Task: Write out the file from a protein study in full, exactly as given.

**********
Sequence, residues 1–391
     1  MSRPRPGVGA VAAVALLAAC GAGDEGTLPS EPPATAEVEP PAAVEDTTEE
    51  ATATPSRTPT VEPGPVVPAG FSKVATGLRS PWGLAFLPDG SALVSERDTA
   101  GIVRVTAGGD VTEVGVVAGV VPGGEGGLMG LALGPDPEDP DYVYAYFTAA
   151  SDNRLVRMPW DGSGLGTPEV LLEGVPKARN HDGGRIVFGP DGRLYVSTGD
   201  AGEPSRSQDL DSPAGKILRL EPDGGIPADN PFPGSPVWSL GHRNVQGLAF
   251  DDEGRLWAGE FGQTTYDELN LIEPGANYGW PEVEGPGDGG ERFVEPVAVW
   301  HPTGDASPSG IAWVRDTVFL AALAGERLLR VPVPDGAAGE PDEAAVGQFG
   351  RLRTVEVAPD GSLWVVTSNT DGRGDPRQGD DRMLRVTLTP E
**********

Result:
Sequence, residues 1–391
     1  MSRPRPGVGA VAAVALLAAC GAGDEGTLPS EPPATAEVEP PAAVEDTTEE
    51  ATATPSRTPT VEPGPVVPAG FSKVATGLRS PWGLAFLPDG SALVSERDTA
   101  GIVRVTAGGD VTEVGVVAGV VPGGEGGLMG LALGPDPEDP DYVYAYFTAA
   151  SDNRLVRMPW DGSGLGTPEV LLEGVPKARN HDGGRIVFGP DGRLYVSTGD
   201  AGEPSRSQDL DSPAGKILRL EPDGGIPADN PFPGSPVWSL GHRNVQGLAF
   251  DDEGRLWAGE FGQTTYDELN LIEPGANYGW PEVEGPGDGG ERFVEPVAVW
   301  HPTGDASPSG IAWVRDTVFL AALAGERLLR VPVPDGAAGE PDEAAVGQFG
   351  RLRTVEVAPD GSLWVVTSNT DGRGDPRQGD DRMLRVTLTP E